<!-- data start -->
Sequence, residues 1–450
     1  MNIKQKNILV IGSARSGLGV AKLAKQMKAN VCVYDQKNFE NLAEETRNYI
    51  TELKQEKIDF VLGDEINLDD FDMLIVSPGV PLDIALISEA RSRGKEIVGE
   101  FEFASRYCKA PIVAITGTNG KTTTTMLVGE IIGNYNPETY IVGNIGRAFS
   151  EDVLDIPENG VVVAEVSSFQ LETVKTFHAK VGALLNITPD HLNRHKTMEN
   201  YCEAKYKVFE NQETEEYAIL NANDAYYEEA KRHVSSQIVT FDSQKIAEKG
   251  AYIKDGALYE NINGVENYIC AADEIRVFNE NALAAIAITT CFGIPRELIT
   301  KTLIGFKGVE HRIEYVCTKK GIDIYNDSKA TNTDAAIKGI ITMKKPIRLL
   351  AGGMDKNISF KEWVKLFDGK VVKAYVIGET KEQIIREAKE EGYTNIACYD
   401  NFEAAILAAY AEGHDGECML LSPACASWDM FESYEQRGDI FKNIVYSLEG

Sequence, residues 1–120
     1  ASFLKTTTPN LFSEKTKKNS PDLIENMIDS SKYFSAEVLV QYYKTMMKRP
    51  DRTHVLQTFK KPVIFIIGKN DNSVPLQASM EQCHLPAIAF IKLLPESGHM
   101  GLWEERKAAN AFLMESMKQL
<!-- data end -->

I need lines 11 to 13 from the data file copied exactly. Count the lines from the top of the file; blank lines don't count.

Sequence, residues 1–120
     1  ASFLKTTTPN LFSEKTKKNS PDLIENMIDS SKYFSAEVLV QYYKTMMKRP
    51  DRTHVLQTFK KPVIFIIGKN DNSVPLQASM EQCHLPAIAF IKLLPESGHM